This element of the core ensures that the organization understands the market space within which it operates. The domain is recognized as the sphere within which a nonprofit finds its clients, funders, competitors and potential collaborators. Though often defined by geography, a domain can be defined as a specific industry, such as a state mental health system; or as a special interest, such as environmental preservation.
Harvest home example
Below is the organizational core of Harvest Home, an organization founded in the 1800’s as an orphan’s home and which now offers comprehensive behavioral health services for children and youth:
Defining qualities: Expertise in providing intensive, holistic therapy and support in a residential setting
Primary clientele: Children and youth with severe behavioral health issues (specialized)
Highest priority need: Comprehensive support in a highly-structured environment
Primary domain: State-wide, via county-based referrals
Once established, the organizational core serves as the foundation for the remainder of the strategy development process. Core mapping is a process that “forces” nonprofits to make judgments about the relative value of each program or service by providing a sorting mechanism based on a common point of comparison. The basis for the determination of relative value is the relationship of each program to the organizational core. Programs and services are mapped according the following criteria:
Programs that address directly all aspects of the organizational core are considered to be primary.
Programs that deviate from one element of the organizational core are considered to be secondary.
Programs that deviate from two or more elements of the organizational core are considered to be marginal.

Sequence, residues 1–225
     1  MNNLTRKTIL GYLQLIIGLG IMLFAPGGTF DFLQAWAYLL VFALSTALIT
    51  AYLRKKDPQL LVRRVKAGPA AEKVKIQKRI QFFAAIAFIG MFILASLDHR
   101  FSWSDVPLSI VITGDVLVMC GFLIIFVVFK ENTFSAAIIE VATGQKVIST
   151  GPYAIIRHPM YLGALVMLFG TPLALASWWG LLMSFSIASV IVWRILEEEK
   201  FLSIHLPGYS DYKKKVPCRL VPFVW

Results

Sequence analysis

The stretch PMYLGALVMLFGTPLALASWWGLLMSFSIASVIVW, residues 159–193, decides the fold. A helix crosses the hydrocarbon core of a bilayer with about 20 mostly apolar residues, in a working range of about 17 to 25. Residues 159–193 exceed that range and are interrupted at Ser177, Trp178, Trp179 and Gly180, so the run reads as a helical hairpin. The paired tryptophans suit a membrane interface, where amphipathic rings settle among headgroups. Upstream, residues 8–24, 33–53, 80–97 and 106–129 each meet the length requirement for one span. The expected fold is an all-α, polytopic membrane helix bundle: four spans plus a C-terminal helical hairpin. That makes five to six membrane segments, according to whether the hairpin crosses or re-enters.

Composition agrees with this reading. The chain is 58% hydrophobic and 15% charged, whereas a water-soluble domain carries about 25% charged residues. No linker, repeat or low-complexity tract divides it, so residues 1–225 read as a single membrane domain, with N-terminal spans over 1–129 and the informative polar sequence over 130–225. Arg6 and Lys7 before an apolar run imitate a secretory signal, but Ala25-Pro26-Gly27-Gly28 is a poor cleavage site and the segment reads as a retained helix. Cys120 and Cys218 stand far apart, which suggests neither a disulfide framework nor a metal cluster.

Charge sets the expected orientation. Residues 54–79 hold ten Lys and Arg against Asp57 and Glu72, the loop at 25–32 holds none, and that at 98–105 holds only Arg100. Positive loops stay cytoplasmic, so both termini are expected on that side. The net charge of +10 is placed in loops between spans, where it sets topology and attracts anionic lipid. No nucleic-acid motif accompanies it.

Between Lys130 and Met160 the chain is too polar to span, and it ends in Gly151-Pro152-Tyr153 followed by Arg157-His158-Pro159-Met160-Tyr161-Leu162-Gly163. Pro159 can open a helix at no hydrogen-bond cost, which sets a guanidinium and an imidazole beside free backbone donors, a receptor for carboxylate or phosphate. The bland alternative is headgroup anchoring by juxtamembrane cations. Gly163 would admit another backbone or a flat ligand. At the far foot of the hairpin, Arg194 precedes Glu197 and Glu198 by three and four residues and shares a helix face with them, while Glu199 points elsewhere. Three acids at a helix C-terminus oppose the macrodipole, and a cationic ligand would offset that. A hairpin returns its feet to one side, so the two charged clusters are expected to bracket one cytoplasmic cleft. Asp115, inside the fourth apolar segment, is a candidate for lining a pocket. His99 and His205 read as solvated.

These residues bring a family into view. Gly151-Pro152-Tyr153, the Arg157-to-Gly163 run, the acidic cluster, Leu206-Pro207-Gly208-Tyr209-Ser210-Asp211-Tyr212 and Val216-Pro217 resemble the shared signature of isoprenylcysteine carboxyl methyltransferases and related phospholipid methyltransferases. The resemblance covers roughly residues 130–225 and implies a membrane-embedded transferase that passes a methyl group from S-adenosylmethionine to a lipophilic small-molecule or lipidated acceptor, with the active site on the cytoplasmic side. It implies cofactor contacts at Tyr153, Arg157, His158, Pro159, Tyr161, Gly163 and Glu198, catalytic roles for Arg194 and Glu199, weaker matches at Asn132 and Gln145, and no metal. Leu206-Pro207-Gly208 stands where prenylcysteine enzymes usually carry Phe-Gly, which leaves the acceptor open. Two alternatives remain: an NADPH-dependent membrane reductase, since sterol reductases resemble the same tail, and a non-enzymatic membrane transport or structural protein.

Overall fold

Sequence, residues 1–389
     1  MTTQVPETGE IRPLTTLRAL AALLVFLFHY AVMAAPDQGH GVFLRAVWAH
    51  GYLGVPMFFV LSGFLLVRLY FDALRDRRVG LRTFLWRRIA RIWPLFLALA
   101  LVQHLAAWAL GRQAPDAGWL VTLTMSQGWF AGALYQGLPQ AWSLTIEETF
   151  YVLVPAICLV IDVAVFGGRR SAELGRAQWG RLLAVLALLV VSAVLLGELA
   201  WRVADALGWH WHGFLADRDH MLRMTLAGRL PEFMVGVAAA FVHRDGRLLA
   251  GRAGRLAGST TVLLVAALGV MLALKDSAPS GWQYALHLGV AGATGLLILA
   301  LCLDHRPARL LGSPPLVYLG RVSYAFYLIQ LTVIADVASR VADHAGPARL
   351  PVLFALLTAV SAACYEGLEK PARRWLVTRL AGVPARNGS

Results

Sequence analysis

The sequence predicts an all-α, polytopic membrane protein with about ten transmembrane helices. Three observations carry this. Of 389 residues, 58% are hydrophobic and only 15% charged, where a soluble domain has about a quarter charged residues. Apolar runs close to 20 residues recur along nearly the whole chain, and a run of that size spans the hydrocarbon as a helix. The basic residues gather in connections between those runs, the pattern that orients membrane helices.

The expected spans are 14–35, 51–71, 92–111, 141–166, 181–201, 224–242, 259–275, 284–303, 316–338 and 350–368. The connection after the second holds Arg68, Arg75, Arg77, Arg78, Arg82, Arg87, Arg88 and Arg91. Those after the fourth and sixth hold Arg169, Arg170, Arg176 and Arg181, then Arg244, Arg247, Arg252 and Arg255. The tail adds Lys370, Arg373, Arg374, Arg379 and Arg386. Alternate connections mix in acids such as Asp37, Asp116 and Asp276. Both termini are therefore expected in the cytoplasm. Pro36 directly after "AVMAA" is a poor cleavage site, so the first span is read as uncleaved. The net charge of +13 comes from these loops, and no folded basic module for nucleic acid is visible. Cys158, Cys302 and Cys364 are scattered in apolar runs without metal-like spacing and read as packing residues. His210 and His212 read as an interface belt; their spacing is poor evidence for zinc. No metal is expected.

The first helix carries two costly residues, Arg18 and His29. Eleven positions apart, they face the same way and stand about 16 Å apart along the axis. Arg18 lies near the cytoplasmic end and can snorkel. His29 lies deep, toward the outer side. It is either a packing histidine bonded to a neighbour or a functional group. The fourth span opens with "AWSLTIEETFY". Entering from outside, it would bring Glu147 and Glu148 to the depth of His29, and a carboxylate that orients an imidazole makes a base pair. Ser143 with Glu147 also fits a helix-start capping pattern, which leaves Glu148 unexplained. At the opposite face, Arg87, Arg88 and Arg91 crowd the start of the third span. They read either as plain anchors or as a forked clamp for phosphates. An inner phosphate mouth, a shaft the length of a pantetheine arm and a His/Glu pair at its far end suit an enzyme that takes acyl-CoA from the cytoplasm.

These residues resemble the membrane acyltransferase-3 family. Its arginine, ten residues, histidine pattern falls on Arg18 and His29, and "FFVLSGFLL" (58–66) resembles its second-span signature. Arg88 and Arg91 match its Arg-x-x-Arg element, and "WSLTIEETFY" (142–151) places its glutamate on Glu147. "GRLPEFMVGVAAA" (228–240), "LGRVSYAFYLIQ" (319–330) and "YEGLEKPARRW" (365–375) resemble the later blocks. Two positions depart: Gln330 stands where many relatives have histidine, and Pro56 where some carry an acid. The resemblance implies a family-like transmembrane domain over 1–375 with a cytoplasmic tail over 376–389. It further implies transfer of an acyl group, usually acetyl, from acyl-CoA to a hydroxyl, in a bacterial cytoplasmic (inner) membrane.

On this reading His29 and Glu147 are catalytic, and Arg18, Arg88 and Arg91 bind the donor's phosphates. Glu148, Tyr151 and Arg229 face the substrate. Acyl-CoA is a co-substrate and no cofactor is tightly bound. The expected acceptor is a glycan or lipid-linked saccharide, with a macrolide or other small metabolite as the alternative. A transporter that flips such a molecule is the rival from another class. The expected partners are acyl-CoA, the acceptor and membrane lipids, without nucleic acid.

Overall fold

The programs offered by Harvest Home are mapped as follows:
Harvest Home has been a residential facility since its founding in the late 1800s. Though its services have changed in accordance with the changing needs of youth, it has always been a place-based service, supplemented by an on-site school so that youth under the care of Harvest Home could continue to attend school regularly. Thus, both the residential program and the school are primary services based on the definition of the organizational core. And while the out-patient counseling programs serves youth in circumstances similar to those in residence, it is considered secondary because it does not include the full continuum of residential support.
Several questions usually emerge at this stage of the strategy development process. Among the most common are:
What is the nature of our strategic growth moving forward? Should we do more of the same? Develop new programs and services? Reach new populations?
Should we stop providing the programs that are secondary or marginal?
Should we redefine our mission and organizational core to accommodate what we are doing now or aspire to do in the future?
I offer one response to both questions: It depends. Specifically, it depends on how you arrived at where you are now and, more to the point, where you think you need to be positioned in the future to create the greatest mission impact in the most financially-viable manner.
That is the subject of the next installment.
 The development of these categories was informed by Michael Porter’s article, “What is Strategy?”
Photo credits: extremetech.com, malaysia-today.net